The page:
Financial market reaction to the Russo-Georgian War

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Major Russian stock market RTS Index with S&P 500 and Oil Spot Prices. All data are in percentages to May 1, 2008 values. A - Vladimir Putin criticises Mechel; B - 2008 South Ossetia war starts; C - Recognition of Abkhazia and South Ossetia - by Russia; D - Alexei Kudrin "no systematic crisis" speech; E - measures to save major banks are adopted by the Russian government; F - Global financial crisis of September–October 2008

Just on 8 August 2008, the day the war started, six billion dollars left Russia, according to the finance minister.[1]

On 8 August 2008, Fitch Ratings lowered Georgia's sovereign debt ratings from BB- to B+, commenting that there were "increased downside risks to Georgia's sovereign creditworthiness". Standard and Poor's also lowered Georgia's ratings.[2]

Map of Baku-Supsa and Baku-Tbilisi-Ceyhan pipelines through Georgia

While Georgia has no significant oil or gas reserves on its own, it is an important transit route that supplies the West, and journalists expressed fear that the war may damage the Baku–Tbilisi–Ceyhan pipeline (BTC pipeline), 30% of which was owned by BP.[3] The BTC pipeline was shut down before the conflict because of the blast in Turkey on 6 August 2008. The responsibility for it was claimed by the PKK.[4] On 8 August 2008, light sweet crude for September delivery settled down $4.82 to $115.20 on the New York Mercantile Exchange.[5] The war created further problems for BP.[6]

Georgian government said that Russian air forces devastated the port of Poti on 8 August, which the Georgian government called "a key port for the transportation of energy sources," close to the Baku-Supsa pipeline and the Supsa oil terminal.[7] On 9 August 2008, Georgia said that Russian fighter jets targeted the Baku-Tbilisi-Ceyhan pipeline.[8]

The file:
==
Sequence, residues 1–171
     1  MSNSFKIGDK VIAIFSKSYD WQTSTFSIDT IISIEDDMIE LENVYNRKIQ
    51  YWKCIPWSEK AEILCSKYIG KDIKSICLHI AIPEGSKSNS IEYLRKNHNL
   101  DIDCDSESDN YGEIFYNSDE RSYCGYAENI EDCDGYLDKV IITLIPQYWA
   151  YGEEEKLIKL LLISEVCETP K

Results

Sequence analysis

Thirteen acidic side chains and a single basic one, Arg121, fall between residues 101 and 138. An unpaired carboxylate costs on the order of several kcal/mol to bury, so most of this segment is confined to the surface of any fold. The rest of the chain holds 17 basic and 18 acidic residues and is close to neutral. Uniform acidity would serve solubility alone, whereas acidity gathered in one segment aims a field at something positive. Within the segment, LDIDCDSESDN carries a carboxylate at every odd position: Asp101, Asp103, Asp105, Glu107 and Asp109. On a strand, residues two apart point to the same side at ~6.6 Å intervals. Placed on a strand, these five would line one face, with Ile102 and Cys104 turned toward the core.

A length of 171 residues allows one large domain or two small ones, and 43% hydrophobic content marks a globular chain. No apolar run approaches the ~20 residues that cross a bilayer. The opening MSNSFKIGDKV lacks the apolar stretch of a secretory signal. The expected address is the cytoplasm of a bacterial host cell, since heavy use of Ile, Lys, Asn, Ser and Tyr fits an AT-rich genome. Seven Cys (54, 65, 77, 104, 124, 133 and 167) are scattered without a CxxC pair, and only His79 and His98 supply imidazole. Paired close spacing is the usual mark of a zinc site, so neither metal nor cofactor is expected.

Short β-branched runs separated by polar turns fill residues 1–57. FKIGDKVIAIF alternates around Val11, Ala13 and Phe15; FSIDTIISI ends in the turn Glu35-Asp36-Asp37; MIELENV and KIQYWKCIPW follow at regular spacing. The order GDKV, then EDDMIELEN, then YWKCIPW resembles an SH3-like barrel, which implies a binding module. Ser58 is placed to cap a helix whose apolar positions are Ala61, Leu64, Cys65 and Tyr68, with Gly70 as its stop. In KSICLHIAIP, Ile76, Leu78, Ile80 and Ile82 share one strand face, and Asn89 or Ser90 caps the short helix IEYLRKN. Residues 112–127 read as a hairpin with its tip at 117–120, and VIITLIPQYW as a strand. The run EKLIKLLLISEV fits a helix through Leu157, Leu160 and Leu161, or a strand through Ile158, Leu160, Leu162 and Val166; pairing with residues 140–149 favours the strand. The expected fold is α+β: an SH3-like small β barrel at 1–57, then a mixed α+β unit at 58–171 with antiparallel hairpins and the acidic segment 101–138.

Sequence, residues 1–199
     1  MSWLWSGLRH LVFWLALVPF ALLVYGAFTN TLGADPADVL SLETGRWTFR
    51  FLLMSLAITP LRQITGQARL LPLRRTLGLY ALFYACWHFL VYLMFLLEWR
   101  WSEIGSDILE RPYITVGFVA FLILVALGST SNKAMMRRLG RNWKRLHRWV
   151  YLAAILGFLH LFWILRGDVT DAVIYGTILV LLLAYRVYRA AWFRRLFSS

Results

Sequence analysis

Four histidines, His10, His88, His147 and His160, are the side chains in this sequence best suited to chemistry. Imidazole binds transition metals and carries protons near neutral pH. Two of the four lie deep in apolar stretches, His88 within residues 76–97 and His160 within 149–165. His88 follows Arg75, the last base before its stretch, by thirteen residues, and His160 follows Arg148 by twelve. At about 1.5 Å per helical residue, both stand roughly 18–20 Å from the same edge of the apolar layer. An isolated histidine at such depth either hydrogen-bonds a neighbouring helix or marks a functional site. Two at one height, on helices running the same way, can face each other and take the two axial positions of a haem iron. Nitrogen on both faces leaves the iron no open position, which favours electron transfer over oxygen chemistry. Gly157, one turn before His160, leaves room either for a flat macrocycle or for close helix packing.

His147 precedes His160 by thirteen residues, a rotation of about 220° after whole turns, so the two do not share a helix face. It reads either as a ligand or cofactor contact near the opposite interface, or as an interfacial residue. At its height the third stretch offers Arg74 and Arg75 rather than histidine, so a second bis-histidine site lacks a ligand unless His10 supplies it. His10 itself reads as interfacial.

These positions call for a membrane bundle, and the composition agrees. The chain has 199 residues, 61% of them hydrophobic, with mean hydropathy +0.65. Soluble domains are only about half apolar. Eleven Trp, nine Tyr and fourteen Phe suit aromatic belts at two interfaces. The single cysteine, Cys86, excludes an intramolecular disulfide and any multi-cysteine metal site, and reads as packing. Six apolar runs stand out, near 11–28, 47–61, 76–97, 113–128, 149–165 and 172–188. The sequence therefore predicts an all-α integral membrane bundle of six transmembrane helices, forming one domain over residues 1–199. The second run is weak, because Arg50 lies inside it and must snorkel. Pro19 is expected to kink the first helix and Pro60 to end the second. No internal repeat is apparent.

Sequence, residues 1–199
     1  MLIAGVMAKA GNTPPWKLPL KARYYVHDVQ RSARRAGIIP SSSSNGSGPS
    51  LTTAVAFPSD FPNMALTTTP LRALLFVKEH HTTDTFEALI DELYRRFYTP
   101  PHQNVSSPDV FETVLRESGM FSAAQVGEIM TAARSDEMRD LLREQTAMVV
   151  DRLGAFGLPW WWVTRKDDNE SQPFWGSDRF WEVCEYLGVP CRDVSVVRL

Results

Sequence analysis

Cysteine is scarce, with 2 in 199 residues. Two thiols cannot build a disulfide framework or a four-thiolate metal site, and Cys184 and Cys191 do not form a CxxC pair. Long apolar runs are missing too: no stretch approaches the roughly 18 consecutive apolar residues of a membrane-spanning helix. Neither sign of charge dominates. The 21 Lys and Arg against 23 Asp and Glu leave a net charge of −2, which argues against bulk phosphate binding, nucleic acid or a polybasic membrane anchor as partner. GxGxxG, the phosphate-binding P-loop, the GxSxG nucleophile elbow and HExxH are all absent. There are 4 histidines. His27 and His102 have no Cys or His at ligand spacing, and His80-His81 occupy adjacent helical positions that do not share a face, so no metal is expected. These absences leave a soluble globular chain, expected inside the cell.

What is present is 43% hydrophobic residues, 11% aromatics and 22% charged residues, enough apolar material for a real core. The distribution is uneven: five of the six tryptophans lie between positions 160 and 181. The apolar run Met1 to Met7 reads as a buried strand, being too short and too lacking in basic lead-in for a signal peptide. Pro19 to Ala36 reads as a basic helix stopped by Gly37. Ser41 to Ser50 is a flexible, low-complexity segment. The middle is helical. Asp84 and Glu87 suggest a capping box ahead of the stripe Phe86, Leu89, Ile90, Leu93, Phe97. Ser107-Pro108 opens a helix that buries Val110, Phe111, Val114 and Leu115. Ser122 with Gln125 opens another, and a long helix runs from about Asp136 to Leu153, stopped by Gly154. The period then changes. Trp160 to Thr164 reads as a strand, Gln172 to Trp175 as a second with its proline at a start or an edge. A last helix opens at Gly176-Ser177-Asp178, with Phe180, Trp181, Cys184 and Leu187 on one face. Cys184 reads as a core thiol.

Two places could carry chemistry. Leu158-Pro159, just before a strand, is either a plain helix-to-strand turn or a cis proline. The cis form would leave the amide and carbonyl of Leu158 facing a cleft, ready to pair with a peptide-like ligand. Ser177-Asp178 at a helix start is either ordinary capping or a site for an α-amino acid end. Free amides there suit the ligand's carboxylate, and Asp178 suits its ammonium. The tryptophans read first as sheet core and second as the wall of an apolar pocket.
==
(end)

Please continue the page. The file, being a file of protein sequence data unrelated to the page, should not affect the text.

On 12 August 2008, BP closed the Baku-Supsa Pipeline and the South Caucasus Pipeline for the safety reasons.[9] Gas supplies through the South Caucasus Pipeline were resumed on 14 August 2008.[10]

Harvard Business School professor Noel Maurer disagreed with the view that Russo-Georgian War had a substantial negative impact on Russian financial markets: "Russian indices were in decline well before the war started. If anything has happened since, it is that the decline has slowed. This is not consistent with the hypothesis that the markets are punishing Russia for the war."[11]

With regard to the financial market reaction to the Russo-Georgian War, Agence France-Presse reported that unidentified analysts believed that Russian stock exchange decline in August and September 2008, were attributed to "a mix of falling energy prices, global market turmoil and political issues including worries over the war with Georgia."[12]


  1. ^ "The Caucasus Crisis". German Institute for International and Security Affairs. November 2008. Archived from the original on December 1, 2008. 
  2. ^ Lesova, Polya (8 August 2008). "Fitch lowers Georgia's debt ratings to B+". MarketWatch. 
  3. ^ Pagnamenta, Robin (8 August 2008). "Analysis: energy pipeline that supplies West threatened by war Georgia conflict". The Times. Archived from the original on 12 August 2008. 
  4. ^ Watkins, Eric (7 August 2008). "Fire-damaged BTC oil line could have 5-week shutdown". Oil & Gas Journal. 
  5. ^ "Oil sinks to 3-month low". CNN. 8 August 2008. 
  6. ^ Watkins, Eric (8 August 2008). "BTC export alternatives on hold as Russia, Georgia clash". Oil & Gas Journal. 
  7. ^ "UN row flares over Ossetia conflict". Financial Times. 9 August 2008. 
  8. ^ "Russian jets targeted major oil pipeline: Georgia". Reuters. 9 August 2008. 
  9. ^ "BP shuts in Georgia links". upstream. 12 August 2008. Archived from the original on 20 August 2008. 
  10. ^ "BP turns on Georgia gas taps". upstream. 14 August 2008. Archived from the original on 22 August 2008. 
  11. ^ Noel Maurer (5 September 2008). "Who cares about Georgia? Not the markets.". 
  12. ^ "Russian stock market still shut after plunge: market official". AFP. 18 September 2008. Archived from the original on 19 September 2008. [dead link]